• Talk with your family, friends, loved ones, and heirs. Death is not the most exciting or welcome of topics, but it happens to 100 percent of us. Not discussing it is leaving your heirs in the lurch.
  • Appoint a digital executor. This can be the executor of your will, or it can be a designated web service (Zastrow 2017).
  • Be realistic about your digital assets and belongings. What do you have? Make an inventory for those who will inherit. Update this list and revisit regularly (Zastrow 2017).
  • If this topic is of interest to you, see our list For Further Reading below for more information.

For Further Reading

Carroll, Evan. 2017. 10 Simple Steps to Get Your Digital Life in Order: A Guidebook to Help You during This Difficult Time. Raleigh, NC: Digital Beyond.

Carroll, Evan, and John Romano. 2010. Your Digital Afterlife: When Facebook, Flickr and Twitter Are Your Estate, What’s Your Legacy? Berkeley, CA: New Riders.

Crocker, Angela, and Vicki McLeod. 2019. Digital Legacy Plan: A Guide to the Personal and Practical Elements of Your Digital Life Before You Die. North Vancouver, BC: Self-Counsel Press.


Authy. 2020. “What Is Two-Factor Authentication (2FA)?”

Goldring, Simon, and Elysa Jacobs. 2019. “Cryptocurrency—Current Investment, Future Inheritance.” National Law Review, May 1, 2019.

IRS (Internal Revenue Service). 2020. “Virtual Currencies.”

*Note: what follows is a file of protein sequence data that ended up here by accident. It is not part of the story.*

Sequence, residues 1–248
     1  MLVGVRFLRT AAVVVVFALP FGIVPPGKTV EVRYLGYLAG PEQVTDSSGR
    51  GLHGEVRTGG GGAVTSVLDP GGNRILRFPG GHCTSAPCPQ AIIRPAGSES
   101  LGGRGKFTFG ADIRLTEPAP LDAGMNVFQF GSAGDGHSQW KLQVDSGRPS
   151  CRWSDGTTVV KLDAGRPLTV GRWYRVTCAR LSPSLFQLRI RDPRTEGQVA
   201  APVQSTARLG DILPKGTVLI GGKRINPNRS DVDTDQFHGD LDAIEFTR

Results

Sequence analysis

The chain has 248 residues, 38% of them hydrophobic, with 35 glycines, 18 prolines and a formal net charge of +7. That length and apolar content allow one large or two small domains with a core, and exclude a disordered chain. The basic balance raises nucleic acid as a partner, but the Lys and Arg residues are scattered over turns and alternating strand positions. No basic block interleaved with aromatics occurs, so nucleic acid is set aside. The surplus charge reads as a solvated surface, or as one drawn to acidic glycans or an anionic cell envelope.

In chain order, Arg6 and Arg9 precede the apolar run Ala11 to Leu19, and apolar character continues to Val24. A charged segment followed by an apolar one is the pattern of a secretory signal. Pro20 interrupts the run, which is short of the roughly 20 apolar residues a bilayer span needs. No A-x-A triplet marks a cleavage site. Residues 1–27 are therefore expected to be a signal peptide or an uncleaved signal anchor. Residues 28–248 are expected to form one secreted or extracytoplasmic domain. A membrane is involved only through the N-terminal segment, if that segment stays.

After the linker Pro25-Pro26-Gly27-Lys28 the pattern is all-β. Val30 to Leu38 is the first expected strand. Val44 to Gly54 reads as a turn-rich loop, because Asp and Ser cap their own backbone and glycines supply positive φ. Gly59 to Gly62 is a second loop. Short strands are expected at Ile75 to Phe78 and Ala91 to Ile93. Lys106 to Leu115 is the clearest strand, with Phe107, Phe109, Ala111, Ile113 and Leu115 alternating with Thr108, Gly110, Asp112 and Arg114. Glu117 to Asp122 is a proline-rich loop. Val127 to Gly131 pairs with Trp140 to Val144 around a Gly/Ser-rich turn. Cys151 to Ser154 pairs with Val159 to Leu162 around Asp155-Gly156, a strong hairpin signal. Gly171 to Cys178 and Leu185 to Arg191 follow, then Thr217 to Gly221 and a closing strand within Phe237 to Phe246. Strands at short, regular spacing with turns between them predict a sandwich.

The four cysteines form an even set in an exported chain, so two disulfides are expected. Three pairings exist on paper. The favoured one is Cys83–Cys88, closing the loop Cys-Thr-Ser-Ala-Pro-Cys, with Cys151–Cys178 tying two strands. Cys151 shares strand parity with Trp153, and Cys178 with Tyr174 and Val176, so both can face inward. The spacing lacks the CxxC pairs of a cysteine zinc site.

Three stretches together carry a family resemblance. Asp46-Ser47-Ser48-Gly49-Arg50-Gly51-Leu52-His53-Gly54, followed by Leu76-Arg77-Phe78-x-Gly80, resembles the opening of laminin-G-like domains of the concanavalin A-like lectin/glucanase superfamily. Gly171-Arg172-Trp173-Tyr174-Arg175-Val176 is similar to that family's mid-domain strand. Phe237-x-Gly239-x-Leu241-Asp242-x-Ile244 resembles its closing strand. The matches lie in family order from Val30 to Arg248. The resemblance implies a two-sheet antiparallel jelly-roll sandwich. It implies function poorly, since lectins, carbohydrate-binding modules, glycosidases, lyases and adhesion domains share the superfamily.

Lexikin. 2019. “How to Close Social Media Accounts When Someone Dies.”

Phillips Erb, Kelly. 2020. “After Confusion, IRS Clarifies Tax Treatment of Fortnite and Gaming Currencies.” Forbes, February 15, 2020.

Pinola, Melanie. 2019. “Get Your Digital Accounts Ready in Case of Death.” New York Times, October 3, 2019, updated October 7, 2019.

Zastrow, Jan. 2017. “Online Legacies and Digital Estate Planning.” Computers in Libraries 37, no. 5: 12–15.

* Jeffry Lang works as a lead security analyst for the Security Office at Virginia Tech. He has worked in various areas of information technology, including computing technology system administrator and technology manager for multiple organizations. Jeffry has a BA in philosophy from UNC Greensboro and a master of information technology from Virginia Tech. He has experience with network monitoring and forensics, intrusion detection, and configuring security appliances. He is a SANS Certified Intrusion Analyst, Windows Security Administrator, Network Forensics Analyst, Certified Detection Analyst, and Enterprise Defender.